Adaptive differentiation following experimental island colonization in Anolis lizards

@article{Losos1997AdaptiveDF,
  title={Adaptive differentiation following experimental island colonization in Anolis lizards},
  author={J. Losos and Kenneth I. Warheitt and T. Schoener},
  journal={nature},
  year={1997},
  volume={387},
  pages={70-73}
}
If colonizing populations are displaced into an environment that is often very different from that of their source1, they are particularly likely to diverge evolutionarily, the more so because they are usually small and thus likely to change by genetic restructuring or drift2,3. Despite its fundamental importance, the consequence of colonization for traits of founding populations have primarily been surmised from static present-day distributions1,2,4,5, laboratory experiments6 and the outcomes… Expand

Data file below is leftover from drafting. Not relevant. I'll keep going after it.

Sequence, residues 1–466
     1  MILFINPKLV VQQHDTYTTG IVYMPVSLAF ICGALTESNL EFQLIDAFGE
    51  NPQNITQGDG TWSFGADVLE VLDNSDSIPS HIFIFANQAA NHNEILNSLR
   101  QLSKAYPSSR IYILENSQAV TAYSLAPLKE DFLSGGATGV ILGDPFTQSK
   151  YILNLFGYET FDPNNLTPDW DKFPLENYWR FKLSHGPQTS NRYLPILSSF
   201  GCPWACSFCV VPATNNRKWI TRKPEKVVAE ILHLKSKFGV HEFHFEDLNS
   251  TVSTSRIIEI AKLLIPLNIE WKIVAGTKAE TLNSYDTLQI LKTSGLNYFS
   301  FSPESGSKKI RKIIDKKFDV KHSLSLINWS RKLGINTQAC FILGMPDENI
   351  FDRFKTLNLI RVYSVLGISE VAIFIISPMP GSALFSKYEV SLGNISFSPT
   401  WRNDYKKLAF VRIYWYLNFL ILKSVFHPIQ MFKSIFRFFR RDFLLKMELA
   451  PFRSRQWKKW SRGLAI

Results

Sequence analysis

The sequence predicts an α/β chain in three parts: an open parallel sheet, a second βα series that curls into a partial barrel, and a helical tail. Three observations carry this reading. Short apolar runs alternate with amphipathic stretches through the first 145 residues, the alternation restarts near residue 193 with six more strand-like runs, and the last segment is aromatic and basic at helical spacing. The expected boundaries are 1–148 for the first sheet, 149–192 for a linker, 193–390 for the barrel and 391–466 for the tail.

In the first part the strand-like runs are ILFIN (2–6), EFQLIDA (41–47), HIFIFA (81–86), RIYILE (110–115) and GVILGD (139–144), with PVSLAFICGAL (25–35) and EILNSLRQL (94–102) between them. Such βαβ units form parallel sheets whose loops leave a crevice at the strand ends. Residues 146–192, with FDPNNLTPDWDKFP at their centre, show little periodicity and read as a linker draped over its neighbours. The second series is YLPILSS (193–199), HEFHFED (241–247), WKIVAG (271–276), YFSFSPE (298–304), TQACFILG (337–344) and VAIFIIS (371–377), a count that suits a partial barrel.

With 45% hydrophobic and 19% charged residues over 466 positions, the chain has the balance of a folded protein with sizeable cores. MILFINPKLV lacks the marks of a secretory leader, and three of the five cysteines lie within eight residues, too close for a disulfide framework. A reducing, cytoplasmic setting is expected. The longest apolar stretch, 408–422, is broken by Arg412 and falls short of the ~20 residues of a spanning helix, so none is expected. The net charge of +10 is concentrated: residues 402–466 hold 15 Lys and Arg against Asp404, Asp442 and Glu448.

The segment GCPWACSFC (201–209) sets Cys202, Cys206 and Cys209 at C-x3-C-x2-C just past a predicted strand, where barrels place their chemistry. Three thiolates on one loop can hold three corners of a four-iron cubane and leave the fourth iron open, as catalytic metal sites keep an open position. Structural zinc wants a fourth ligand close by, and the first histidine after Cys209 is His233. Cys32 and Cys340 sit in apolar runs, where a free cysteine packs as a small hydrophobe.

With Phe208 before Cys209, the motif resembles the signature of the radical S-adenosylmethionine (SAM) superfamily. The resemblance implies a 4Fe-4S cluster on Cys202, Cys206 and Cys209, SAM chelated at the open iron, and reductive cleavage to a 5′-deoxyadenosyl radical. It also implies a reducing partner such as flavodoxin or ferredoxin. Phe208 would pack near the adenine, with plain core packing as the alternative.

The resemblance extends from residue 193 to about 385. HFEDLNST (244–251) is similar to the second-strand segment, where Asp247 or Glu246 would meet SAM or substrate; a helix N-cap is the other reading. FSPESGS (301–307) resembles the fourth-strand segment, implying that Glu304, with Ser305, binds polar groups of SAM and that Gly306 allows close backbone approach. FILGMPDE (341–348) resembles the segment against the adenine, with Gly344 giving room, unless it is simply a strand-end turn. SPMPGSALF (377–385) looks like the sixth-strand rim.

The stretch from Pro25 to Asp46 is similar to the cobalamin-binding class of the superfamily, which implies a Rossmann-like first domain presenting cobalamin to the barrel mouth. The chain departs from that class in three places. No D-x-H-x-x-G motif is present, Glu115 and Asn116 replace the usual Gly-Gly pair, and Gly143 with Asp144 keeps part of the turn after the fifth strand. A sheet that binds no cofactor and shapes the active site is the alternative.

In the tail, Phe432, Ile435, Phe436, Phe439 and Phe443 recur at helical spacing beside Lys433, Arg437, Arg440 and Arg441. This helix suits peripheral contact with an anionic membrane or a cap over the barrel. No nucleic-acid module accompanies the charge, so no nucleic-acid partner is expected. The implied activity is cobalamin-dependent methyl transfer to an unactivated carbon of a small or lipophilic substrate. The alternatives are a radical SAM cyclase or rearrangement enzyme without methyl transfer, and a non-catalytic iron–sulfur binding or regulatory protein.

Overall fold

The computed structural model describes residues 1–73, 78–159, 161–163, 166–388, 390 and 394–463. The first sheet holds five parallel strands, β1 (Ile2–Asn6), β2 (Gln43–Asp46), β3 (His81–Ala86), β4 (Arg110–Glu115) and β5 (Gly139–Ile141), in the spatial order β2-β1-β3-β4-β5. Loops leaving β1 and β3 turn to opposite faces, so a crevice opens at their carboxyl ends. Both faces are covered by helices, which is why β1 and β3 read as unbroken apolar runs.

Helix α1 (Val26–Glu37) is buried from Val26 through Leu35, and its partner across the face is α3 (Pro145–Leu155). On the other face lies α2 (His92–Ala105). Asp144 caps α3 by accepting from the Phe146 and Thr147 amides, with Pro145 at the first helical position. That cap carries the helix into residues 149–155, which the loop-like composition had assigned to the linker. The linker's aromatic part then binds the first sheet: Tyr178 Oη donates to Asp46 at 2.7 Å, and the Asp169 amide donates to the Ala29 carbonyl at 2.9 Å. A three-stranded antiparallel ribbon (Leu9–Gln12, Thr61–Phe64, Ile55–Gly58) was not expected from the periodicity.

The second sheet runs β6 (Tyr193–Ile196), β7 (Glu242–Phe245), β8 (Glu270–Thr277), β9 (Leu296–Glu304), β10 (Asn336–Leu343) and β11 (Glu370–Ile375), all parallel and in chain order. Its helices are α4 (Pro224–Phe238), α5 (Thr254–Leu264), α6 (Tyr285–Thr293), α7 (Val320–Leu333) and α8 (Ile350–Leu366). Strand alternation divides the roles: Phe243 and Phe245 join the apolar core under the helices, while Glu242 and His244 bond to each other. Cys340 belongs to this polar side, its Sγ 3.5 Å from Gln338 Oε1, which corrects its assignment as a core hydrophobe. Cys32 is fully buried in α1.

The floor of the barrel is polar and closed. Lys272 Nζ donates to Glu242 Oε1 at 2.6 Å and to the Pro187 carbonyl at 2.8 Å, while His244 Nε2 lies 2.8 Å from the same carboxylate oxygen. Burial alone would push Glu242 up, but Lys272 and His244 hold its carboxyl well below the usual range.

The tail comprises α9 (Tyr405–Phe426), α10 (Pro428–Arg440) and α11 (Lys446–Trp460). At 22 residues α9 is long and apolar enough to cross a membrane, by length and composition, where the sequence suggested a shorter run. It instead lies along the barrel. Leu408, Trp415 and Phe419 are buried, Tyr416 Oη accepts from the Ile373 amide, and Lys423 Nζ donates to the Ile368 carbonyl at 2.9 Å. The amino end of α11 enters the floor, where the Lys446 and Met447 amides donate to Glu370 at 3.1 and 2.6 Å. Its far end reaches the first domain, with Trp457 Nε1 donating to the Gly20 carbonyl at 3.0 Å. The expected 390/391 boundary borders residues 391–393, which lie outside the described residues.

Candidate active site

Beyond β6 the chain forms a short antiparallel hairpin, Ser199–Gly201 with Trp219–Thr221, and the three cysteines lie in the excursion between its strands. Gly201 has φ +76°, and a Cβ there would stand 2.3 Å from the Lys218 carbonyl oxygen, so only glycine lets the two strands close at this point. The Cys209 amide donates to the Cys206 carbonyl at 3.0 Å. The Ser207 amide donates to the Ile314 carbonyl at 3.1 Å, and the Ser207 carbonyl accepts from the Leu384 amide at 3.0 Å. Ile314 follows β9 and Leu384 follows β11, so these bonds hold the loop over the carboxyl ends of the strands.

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Populations of the lizards Anolis carolinensis and A. sagrei were experimentally introduced onto small islands in the Bahamas. Less than 15 years after introduction, we investigated whether theExpand
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Populations of the lizards Anolis carolinensis and A. sagrei were experimentally introduced onto small islands in the Bahamas. Less than 15 years after introduction, we investigated whether theExpand
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The results show that the interruption of gene flow between migratory and sedentary populations is not necessary for the maintenance of such a polymorphism, and that even the most divergent migratory strategies of a bird species are susceptible to evolution in response to historical environmental changes. Expand
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